Intravitreal Chemotherapy Injection (IViC)
Intravitreal chemotherapy describes injection of anti-cancer drugs directly into the eye’s fluid-filled core.
When Intravitreal chemotherapy Injection Is Used
Primary treatments for retinoblastoma usually fail due to unresponsive vitreous seeds – fragments of cancerous cells that break off the main tumour and float into the fluid-filled centre of the eye.
Intravitreal chemotherapy is used to treat seeds of tumour that have survived other therapies. Used in combination with other treatments, injections only begin after the main tumour producing the seeds is controlled.
Intravitreal chemotherapy is best used in the context of a clinical trial that will carefully document the potential benefits and complications.
How Intravitreal chemotherapy Injection Is Given
The child receives a general anaesthetic.
A detailed ultrasound may be used to check that the injection site is tumour-free before delivery of intravitreal chemotherapy.
Pressure inside the eye is lowered by removing a small amount of fluid from the front of the eye, or by massaging the eye with the finger.
Chemotherapy (melphalan alone or combined with topotecan) is injected into the vitreous with a small needle.
On withdrawing the needle, the injection site is sealed and sterilized with cryotherapy and the eye is gently manipulated to distribute the chemotherapy.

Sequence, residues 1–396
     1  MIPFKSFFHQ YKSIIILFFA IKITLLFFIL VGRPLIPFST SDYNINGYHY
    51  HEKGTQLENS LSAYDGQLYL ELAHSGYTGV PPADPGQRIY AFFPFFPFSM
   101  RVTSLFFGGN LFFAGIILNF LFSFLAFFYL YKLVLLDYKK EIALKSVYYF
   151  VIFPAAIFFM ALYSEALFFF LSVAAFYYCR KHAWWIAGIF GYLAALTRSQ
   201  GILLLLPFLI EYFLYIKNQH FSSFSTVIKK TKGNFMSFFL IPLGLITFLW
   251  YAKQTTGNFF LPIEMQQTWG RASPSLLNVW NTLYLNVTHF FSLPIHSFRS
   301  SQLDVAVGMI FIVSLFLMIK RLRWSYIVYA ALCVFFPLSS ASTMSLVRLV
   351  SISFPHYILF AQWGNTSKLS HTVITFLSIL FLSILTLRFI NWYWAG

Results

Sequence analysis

Anti-cancer drugs can be delivered directly into the vitreous humour of the eye to treat resistant seeds, without the side effects associated with systemic chemotherapy.
There is a theoretical risk of the tumour spreading along the needle track and outside the eye. This is the reason retinoblastoma is never biopsied to confirm diagnosis.
Toxicity is potential damage to retina exposed to too high a dose of drug. Toxicity is minimal when the dose of drugs and techniques for delivery follow published guidelines.
Complications may include failure to recognize, and therefore inadequately treat, the source of the seeds, which can then continue to seed and even extend outside the eye.
Questions To Ask the Doctors
- Is this treatment part of a clinical trial?
- Can I have a copy of the clinical trial protocol?
- How many times have you done this procedure?
- What side effects have you observed?
- What side effects have been reported?
- How many of your patients relapsed with cancer outside their eye after IViC?
- How do you know there is no risk to my child’s life in doing IViC?
- What chemotherapy drugs will you use?
- Will my child need more than one IViC treatment?
- How often will you treat the eye/s?
- Will my child receive other treatments in combination with IAC?
- How will you combine these treatments?
- How might this treatment impact my child’s vision?
- What follow-up care will my child receive?
- Will my child be followed by a paediatric oncologist?